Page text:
Roche has waved goodbye to one of its KRAS prospects, terminating an alliance with Hookipa Pharma 15 months after betting $25 million on its novel approach to the oncogene. Shortly after receiving the news, Hookipa decided to lay off 30% of its employees and focus on a slimmed-down list of candidates.
The Roche collaboration covered HB-700, a virus that Hookipa engineered to encode five mutant KRAS neoantigens. KRAS drugs from Amgen and Mirati, now part of Bristol Myers Squibb, target one form of the oncogene. Hookipa’s approach could create a single product that targets the most prevalent KRAS mutations in pancreatic, colorectal and lung cancer, namely G12D, G12V, G12R, G12C and G13D.
That prospect was alluring enough for Roche to bet on HB-700, despite already having a G12C inhibitor in its pipeline. Fifteen months later, the Swiss drugmaker has more data to suggest its G12C inhibitor is a genuine challenger to Amgen and BMS—and has decided HB-700 is no longer part of its plans.
Hookipa remains eligible for a final milestone payment tied to a filing to study the candidate in humans, and expects to recognize $20 million in deferred upfront and milestone payments, but other paydays have gone up in smoke. Roche was on the hook for $335 million in HB-700 R&D milestones across up to four indications, plus $15 million if it decided to option a program targeting undisclosed cancer antigens.
Jilted by Roche, Hookipa will now search for a new collaboration partner while working to file an IND and publish preclinical research on HB-700. The candidate is one of two oncology programs that are still in active development at Hookipa, which has paused development of the early-phase prostate cancer drug candidate HB-300 and most of its preclinical research activities to focus on its lead prospect, HB-200.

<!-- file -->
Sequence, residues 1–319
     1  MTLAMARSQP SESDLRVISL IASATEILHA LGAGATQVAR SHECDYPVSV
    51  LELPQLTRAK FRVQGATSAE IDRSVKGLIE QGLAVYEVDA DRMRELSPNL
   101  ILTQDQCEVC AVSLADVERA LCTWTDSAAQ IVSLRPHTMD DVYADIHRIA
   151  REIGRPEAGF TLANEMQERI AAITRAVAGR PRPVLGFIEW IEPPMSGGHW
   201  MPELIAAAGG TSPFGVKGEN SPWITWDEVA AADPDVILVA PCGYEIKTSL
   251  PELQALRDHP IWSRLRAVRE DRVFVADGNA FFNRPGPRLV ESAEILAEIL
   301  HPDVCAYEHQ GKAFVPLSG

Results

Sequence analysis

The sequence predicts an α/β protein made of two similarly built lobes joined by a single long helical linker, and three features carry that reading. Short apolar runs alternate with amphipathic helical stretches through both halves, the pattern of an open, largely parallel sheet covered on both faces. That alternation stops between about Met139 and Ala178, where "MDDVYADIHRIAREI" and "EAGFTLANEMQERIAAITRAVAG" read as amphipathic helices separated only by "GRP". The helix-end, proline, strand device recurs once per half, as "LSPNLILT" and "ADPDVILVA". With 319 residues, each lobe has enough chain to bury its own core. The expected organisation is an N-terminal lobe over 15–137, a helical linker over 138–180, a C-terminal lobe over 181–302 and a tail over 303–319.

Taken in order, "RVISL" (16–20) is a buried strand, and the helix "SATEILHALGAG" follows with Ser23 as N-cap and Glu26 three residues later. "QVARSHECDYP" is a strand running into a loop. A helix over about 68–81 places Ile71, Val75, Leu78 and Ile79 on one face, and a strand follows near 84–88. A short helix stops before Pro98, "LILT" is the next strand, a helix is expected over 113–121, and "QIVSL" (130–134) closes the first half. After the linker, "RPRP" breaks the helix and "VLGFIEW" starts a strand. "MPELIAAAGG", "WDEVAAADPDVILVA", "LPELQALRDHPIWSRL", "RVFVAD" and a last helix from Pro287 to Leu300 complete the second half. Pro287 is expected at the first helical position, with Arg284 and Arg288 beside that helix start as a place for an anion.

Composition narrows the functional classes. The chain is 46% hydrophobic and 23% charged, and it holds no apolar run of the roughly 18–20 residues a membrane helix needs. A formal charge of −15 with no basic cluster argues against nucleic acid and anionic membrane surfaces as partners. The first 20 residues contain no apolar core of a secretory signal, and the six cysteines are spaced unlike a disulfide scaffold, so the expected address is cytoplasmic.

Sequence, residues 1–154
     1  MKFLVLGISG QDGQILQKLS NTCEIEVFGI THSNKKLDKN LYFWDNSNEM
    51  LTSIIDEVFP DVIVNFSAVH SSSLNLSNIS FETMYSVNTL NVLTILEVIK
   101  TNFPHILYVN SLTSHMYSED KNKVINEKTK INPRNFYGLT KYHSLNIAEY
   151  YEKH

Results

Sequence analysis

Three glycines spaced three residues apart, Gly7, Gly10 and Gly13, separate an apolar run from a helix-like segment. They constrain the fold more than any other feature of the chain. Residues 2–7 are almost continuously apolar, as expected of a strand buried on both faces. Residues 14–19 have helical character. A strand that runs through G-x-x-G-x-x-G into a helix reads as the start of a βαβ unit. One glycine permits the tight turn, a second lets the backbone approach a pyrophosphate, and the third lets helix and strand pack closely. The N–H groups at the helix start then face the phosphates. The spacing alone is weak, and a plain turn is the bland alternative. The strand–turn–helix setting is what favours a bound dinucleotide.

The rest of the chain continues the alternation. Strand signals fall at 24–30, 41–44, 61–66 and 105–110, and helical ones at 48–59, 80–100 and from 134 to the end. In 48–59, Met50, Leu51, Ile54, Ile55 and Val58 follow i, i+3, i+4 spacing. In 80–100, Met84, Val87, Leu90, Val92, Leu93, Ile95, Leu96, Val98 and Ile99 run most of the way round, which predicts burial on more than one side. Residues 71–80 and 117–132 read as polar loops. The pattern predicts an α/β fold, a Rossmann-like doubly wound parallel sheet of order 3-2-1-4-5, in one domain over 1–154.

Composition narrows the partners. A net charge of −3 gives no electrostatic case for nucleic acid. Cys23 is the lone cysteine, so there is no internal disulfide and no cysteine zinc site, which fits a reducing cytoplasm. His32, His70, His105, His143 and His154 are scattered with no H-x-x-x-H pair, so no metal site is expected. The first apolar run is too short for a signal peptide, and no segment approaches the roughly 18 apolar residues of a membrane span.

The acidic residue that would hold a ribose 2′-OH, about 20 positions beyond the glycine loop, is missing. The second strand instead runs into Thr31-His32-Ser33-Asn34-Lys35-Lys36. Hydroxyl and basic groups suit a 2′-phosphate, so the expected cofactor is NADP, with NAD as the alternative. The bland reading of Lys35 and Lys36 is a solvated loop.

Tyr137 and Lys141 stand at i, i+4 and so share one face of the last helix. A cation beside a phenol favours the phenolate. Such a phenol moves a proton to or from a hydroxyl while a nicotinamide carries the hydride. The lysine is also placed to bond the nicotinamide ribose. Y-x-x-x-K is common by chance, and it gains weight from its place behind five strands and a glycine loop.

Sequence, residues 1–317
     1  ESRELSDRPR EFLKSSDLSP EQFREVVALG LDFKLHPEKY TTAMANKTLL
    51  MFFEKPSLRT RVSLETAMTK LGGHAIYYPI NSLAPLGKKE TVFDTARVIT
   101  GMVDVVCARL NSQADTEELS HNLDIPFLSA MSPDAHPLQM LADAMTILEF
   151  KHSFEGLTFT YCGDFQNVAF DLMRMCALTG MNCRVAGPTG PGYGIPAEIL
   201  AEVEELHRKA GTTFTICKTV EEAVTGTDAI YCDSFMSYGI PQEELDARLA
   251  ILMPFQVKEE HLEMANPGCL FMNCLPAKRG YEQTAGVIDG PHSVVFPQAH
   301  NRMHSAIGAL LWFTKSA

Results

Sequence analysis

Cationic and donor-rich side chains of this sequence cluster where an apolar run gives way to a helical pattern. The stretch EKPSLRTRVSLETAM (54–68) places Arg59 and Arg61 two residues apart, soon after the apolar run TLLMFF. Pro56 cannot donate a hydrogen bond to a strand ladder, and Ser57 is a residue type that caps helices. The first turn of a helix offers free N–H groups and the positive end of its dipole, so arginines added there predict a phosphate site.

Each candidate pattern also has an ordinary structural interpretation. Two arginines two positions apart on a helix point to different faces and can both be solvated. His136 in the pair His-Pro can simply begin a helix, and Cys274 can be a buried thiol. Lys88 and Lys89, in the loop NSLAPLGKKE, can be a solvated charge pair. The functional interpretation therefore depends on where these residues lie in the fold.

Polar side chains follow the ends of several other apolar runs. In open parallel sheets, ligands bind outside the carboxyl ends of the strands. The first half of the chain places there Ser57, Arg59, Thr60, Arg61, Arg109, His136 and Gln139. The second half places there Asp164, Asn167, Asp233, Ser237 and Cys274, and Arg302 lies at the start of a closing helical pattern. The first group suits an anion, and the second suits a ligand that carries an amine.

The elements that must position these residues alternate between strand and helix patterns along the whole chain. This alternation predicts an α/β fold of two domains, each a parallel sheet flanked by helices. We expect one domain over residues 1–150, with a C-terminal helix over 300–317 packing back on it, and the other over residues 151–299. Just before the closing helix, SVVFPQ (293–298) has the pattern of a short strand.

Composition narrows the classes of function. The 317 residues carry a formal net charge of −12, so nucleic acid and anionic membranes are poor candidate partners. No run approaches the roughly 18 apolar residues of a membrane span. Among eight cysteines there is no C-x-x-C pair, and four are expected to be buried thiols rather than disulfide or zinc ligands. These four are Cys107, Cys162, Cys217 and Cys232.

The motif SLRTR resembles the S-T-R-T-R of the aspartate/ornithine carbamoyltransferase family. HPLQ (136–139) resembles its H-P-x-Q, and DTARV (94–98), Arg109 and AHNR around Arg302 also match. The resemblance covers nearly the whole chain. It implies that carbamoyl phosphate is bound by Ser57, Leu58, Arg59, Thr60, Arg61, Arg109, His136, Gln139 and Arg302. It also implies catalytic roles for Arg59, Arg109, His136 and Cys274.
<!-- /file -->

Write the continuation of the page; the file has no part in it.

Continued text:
HB-200 is in development in HPV16-positive cancer. And, having linked the candidate to a 42% response rate when given with Keytruda, the biotech plans to start a randomized trial around the middle of the year. Hookipa reported the response rate in first-line oropharyngeal cancer patients, a setting in which single-agent Keytruda has achieved response rates of around 20%.
The biotech, which ended last year with $117.5 million, will focus its attention on HB-200 and a pair of programs in hepatitis B and HIV that are partnered with Gilead. With other projects on the backburner, Hookipa plans to lay off 30% of its workforce, 55 people, by the end of the first quarter. The biotech is also stopping its GMP manufacturing facility project.
Hookipa’s share price fell 10% to 63 cents in premarket trading on Monday.